With Prospect Pipeline's Top 50 now in place, it's time to take a deeper look at these prospects from a positional standpoint.
As I continue to put together Top 10 prospect scouting reports for every organization, I'll also be ranking prospects by both position and skill-set (or as I refer to them, tools).
Today, we look at baseball's rawest prospects. These players typically possess pure athleticism and natural talent, but their baseball skills tend to lag behind. For example, a player who runs from home-to-first in around four seconds may struggle to consistently put the ball in play.
After profiling the American League East earlier today, it's now time to focus on the American League Central.
Drafted/Signed: 2009, second round (HS—Santa Margarita, CA)
Single-A: .241/.329/.457, .216 ISO, 113 wRC+ (597 PA)
Overview: Thompson has some of the best raw power in the minor leagues thanks to an ability to drive the ball with backspin carry to all fields. However, his power is a product of a lengthy swing, which has led to exceptionally high strikeout rates.
He religiously chases breaking balls and lacks a feel for the strike zone. His defense in center is tolerable, although he does possess a strong arm. He’ll continue to play center for the time being, but his combination of raw power and arm strength profile better in right field than center.
Drafted/Signed: 2010, Dominican Republic
Single-A: .246/.274/.449, 10 SB, .203 ISO, 98 wRC+ (394 PA)
Overview: Despite having all the tools to be an all-around solid shortstop, Rodriguez still has a long way to go. His above-average speed and athleticism give him range at shortstop, although his actions can be choppy and over-aggressive.
He arguably has a double-plus arm across the infield, but his poor footwork makes him prone to throwing errors.
At the dish, Rodriguez is a bit of a free swinger, which is most likely due to lack of experience. His bat speed and loft in his swing produced 46 extra-base hits in 2011, but also led to 83 strikeouts in 370 at-bats.
Both his hit and power tool will ultimately depend on his plate discipline, which should improve as he gains experience.
Drafted/Signed: 2010 – First round (Archbishop McCarthy HS, FL)
Single-A: 312/.367/.436, .124 ISO, 129 wRC+ (562 PA)
Overview: A first-round selection in 2010, Castellanos is hands down the Tigers’ top hitting prospect. After an anemic start to the 2011 season at Low-A, he went on to slash .312/.367/.435 while playing in 135 games.
Even though he hit only seven home runs, the right-hander did tally 36 doubles. Considering his ability to barrel up the baseball, adding a little loft to his swing should yield more home runs. He struck out 130 times compared to 45 walks, so he’ll need to improve that differential this season.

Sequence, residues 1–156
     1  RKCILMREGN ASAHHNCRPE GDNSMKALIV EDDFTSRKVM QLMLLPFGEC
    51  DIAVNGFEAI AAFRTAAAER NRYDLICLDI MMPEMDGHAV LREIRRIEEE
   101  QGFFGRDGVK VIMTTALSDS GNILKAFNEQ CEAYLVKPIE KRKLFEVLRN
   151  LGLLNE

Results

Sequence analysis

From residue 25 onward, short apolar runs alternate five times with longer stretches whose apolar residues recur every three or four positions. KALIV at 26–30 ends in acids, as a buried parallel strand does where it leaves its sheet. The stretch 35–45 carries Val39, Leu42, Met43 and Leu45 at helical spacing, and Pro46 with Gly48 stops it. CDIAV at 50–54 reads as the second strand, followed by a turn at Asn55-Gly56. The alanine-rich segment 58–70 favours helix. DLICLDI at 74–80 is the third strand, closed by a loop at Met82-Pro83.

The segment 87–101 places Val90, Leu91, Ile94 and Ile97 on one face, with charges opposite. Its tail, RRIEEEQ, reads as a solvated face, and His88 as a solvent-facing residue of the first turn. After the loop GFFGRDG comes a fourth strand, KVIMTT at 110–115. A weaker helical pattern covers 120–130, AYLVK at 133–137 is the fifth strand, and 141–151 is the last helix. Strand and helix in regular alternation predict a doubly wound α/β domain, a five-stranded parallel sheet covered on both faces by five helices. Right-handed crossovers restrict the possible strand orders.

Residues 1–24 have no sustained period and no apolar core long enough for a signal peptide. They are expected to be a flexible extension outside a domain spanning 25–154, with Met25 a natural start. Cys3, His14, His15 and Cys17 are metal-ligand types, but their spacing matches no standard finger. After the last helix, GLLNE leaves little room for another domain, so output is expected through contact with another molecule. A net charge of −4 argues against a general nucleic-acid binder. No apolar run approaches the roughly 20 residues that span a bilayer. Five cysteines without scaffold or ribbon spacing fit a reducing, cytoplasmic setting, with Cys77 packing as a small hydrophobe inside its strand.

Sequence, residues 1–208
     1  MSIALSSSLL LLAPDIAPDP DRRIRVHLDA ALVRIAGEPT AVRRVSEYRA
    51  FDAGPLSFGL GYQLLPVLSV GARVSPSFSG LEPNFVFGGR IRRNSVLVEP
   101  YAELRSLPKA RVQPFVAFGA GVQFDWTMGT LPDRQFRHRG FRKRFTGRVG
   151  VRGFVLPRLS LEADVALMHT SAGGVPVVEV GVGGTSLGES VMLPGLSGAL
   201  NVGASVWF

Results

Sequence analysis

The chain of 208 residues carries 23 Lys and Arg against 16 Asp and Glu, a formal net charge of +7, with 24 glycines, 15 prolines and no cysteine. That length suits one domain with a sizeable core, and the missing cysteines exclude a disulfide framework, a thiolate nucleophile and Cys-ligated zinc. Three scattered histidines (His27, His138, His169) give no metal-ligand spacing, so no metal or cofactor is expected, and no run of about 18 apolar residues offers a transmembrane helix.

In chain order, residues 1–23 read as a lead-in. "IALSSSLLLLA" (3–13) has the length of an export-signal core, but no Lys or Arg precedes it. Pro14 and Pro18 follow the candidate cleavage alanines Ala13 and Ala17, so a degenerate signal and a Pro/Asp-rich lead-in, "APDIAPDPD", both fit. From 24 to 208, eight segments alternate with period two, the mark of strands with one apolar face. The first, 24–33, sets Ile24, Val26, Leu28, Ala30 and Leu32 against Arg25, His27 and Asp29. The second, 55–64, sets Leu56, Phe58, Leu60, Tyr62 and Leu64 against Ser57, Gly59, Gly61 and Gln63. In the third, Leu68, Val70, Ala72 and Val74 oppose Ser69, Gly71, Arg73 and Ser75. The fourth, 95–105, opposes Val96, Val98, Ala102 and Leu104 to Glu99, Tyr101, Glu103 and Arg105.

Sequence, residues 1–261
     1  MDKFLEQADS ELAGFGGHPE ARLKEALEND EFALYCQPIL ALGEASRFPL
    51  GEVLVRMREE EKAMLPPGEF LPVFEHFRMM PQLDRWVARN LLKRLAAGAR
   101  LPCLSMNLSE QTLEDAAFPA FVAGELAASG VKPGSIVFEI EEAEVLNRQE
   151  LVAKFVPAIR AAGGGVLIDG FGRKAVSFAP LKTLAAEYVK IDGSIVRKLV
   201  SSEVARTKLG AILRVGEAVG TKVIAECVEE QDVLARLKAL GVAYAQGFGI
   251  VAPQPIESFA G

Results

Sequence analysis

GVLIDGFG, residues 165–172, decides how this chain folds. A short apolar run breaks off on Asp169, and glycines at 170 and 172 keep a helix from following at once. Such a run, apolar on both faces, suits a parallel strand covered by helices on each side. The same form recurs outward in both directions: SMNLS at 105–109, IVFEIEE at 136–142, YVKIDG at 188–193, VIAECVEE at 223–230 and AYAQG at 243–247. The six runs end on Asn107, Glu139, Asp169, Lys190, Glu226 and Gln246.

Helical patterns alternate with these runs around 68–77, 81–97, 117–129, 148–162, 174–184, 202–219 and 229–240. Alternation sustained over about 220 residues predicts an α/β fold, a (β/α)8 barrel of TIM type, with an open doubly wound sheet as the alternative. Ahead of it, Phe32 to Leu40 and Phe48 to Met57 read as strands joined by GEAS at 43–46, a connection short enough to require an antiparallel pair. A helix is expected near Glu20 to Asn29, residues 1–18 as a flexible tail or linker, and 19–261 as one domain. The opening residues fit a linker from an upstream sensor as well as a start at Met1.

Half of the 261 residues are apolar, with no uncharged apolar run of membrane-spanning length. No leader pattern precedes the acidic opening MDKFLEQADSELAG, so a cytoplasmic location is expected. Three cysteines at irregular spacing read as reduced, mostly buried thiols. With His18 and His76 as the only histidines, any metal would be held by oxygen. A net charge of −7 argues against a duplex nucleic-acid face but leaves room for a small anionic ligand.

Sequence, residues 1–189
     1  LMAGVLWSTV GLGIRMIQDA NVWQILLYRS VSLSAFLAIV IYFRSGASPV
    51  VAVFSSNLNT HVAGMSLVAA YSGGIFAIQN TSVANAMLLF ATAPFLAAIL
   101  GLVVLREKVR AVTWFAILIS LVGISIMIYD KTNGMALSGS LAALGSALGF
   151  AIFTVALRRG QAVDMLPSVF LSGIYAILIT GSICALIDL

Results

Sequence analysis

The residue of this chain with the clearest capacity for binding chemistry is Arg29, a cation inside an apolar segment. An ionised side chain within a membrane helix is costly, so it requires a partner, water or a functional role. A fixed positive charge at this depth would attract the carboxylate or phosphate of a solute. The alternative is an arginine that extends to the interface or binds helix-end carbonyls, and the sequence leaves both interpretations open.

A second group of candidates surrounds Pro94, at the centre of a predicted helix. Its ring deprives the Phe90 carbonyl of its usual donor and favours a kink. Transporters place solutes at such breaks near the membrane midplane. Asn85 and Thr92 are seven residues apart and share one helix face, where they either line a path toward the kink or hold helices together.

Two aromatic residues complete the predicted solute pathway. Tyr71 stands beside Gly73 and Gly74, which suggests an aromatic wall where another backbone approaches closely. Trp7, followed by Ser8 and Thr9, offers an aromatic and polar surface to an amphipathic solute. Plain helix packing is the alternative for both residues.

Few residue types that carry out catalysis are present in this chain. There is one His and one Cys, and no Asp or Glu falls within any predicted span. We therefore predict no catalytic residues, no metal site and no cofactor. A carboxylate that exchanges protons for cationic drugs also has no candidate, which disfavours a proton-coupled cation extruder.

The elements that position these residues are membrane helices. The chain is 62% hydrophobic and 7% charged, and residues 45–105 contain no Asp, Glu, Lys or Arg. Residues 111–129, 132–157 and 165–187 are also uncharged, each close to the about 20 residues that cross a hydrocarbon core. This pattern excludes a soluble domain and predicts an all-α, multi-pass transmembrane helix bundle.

Castellanos is still learning how to play third base, but his range, instincts and above-average arm work well there. He’s tall (6'4") with wiry strength and lots of room to fill out.
It’ll be interesting to see what adjustments he makes at High-A in 2012.
Drafted/Signed: 2011 – 1st round (Gardner Edgerton HS, KS)
2011 Stats: DNP
Overview: Any conversation about five-tool prospects isn’t complete without referencing Bubba Starling. Heavily recruited for every sport out of high school, it cost the Royals $7.5 million to lure him away from a scholarship to be the Nebraska quarterback.
At 6'4", 205-pounds, Starling is strong, athletic and has already flashed double-plus power. He should hit for some average in the future, although his true value is rooted in his power-speed combination.
Also a standout pitcher, Starling has been clocked in the mid-90s off the bump, and throws absolute pills from the outfield.
As it is with Bryce Harper, it’s difficult to assign a ceiling to Starling. However, there’s no denying that it’s one of the highest in all of baseball.
Drafted/Signed: 2006, second round (HS—Joilet Catholic, IL)
Double-A: .285/.388/.495, 13 SB, .210 ISO, 141 wRC+ (472 PA)
MLB: .239/.270/.352, .113 ISO, 64 wRC+ (74 PA)
Overview: Despite his gradual ascent up the Twins’ organizational ladder, Benson is still a five-tool player with 20/20 potential. His speed and plus arm strength are suitable for all three outfield spots, while his natural instincts generate above-average range in all directions.
The only aspect of Benson’s game that impedes his overall progress is his inability to make consistent contact. He’s posted three 100+ strikeout seasons, although he did coax a career high 56 walks in 2011.
If he can learn to manipulate counts in his favor and lay off sub-par off speed offerings, Benson could pan out to be a valuable big league outfielder.